Despite ongoing challenges to the UK economy, in October Yorkshire and the Humber put in the strongest performance of all of the regions and nations, seeing a double-digit fall in insolvency-related activity since the previous month.
The latest research from insolvency and restructuring trade body R3, which is based on an analysis of data provided by CreditSafe, shows that in Yorkshire and the Humber insolvency-related activity (which includes liquidator and administrator appointments and creditors’ meetings) fell by 18.9% last month. The number of businesses affected in the region dropped from 291 in September to 236, the lowest number since May.
In October, six other regions and nations also saw a drop in insolvency-related activity since September with Northern Ireland falling by 10%, Wales by 6.5% and the South East by 3.7%. In contrast, the North East experienced a month-on-month rise of 26.8%, followed by Scotland with an uplift of 10.2% and the North West with an increase of 8%.
Looking at the number of start-ups, another key indicator of economic health, Yorkshire and the Humber again performed well with an increase of 14.3% since September, with only Greater London seeing a greater rise in levels of new businesses (up by 15.1%). The poorest performances were from Wales (-0.4%), and from Scotland and the West Midlands (both up by around 6%).
Eleanor Temple, chair of R3 in Yorkshire and a barrister at Kings Chambers in Leeds, said: “Despite gloomy forecasts for the UK economy, this month’s research does appear to show a glimmer of light at the end of the tunnel. Although growth is expected to be slow into 2024, interest rates appear to be reaching their potential peak and businesses are fighting hard against the current challenges.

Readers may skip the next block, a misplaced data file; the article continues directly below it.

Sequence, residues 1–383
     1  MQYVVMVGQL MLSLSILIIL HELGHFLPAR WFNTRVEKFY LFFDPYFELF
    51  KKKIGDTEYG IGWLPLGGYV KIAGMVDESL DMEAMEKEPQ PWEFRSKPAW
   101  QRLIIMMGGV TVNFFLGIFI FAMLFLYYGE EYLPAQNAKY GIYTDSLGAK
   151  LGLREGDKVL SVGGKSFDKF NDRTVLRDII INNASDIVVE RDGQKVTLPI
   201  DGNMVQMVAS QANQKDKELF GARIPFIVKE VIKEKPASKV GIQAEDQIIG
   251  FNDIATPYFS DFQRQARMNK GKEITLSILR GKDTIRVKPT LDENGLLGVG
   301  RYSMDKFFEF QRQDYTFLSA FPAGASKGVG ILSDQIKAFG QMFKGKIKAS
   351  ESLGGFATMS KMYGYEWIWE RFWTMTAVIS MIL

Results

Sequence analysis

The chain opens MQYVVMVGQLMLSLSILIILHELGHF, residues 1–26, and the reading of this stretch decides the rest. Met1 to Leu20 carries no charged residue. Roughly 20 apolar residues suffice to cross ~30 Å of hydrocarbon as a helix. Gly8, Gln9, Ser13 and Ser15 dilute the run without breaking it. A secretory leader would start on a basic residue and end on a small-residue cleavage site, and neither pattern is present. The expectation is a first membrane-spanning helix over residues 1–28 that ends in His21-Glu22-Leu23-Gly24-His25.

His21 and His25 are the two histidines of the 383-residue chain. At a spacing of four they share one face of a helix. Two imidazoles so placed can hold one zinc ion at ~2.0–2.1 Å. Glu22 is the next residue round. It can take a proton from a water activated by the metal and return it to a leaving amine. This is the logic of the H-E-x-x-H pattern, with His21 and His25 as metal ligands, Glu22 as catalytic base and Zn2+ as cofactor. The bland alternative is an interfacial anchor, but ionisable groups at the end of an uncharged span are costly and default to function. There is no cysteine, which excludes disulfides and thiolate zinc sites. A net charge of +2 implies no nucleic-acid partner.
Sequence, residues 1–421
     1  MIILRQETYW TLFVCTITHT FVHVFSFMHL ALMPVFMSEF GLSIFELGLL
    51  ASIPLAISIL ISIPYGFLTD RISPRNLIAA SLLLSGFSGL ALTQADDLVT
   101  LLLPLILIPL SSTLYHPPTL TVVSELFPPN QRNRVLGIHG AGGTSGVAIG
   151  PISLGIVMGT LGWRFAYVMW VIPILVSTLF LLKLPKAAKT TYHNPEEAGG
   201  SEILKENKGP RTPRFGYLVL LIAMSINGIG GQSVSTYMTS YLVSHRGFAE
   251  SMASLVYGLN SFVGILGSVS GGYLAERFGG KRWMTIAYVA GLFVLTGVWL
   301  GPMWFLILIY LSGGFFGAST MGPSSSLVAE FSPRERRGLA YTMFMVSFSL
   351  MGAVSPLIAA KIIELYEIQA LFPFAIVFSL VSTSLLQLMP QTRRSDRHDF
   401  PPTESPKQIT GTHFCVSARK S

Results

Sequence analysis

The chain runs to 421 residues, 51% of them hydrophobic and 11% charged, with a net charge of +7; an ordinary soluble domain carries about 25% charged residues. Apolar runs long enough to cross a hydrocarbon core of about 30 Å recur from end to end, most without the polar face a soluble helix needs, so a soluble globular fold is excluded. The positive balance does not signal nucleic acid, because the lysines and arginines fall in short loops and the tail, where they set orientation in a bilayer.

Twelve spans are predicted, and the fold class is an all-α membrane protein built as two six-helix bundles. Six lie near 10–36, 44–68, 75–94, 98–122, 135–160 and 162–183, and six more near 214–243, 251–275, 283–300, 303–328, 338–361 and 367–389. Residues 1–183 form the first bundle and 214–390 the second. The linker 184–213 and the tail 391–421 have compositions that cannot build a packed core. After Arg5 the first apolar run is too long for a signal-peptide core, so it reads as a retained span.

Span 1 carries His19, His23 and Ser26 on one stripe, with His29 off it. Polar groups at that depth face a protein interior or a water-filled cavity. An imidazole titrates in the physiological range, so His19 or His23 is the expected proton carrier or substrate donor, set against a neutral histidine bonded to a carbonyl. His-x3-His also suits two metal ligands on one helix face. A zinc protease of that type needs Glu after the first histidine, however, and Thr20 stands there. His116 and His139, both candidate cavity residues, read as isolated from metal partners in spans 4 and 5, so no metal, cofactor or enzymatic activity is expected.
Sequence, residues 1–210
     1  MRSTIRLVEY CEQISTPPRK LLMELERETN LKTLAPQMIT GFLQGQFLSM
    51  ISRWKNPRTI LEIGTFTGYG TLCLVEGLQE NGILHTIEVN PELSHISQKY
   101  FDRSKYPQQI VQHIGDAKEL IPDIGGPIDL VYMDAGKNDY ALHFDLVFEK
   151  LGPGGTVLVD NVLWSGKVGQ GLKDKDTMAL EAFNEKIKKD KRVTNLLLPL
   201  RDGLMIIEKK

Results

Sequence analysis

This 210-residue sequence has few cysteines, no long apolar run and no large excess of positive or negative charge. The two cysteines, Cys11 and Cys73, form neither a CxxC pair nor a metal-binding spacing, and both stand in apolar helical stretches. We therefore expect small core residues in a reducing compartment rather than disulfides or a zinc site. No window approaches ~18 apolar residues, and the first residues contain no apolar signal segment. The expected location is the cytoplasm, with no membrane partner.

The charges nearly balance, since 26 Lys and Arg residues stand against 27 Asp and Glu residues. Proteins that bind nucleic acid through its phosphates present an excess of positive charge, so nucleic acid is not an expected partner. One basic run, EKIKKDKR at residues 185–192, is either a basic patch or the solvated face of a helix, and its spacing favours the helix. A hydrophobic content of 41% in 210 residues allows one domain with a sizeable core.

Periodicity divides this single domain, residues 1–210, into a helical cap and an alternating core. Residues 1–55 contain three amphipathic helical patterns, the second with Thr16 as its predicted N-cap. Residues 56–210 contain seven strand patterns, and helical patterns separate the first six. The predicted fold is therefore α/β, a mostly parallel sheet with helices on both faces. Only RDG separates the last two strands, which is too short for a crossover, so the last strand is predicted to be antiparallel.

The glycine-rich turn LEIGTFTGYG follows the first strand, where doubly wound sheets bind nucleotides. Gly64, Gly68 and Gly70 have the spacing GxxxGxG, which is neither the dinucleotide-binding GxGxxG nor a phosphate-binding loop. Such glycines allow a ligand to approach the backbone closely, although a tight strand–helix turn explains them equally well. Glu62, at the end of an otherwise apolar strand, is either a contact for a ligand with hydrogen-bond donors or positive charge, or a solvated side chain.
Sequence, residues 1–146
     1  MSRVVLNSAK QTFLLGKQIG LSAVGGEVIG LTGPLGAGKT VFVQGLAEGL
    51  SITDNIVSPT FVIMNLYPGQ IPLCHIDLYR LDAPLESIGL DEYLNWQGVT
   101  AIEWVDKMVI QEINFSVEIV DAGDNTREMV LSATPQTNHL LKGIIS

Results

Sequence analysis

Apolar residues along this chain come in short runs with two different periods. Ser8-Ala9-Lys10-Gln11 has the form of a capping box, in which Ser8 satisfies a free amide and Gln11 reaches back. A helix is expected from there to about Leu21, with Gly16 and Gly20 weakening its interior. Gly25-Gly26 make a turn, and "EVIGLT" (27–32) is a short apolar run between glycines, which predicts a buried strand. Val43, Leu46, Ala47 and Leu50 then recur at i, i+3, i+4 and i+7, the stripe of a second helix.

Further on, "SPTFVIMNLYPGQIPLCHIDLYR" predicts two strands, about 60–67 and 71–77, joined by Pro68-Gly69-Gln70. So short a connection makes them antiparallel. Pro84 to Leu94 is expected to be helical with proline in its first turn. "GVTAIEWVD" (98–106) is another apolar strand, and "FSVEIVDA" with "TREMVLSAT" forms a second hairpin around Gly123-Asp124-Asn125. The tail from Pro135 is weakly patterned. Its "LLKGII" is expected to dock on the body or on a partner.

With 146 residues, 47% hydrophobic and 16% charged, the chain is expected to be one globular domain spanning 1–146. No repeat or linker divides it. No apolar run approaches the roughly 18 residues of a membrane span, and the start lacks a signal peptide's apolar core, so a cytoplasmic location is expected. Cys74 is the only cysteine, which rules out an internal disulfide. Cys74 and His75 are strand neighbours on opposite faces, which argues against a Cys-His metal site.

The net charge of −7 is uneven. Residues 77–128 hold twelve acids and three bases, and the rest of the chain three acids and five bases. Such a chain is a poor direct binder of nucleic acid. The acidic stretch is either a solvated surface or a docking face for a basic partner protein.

“It is encouraging to not only see Yorkshire and the Humber having the greatest month-on-month fall in insolvency-related activity in October, but also that a total of seven of the 12 regions and nations surveyed also experienced a drop in these type of financial problems. The increase in levels of entrepreneurs starting new businesses both here and across the UK is also a positive sign.
“However, higher interest rates and inflation are likely to continue to impact both corporate investment and consumer spending, and the forthcoming election will also add to business uncertainty. In the midst of such a fragile economic outlook, directors would be well advised to remain cautious and seek professional advice at the first sign of financial difficulties.”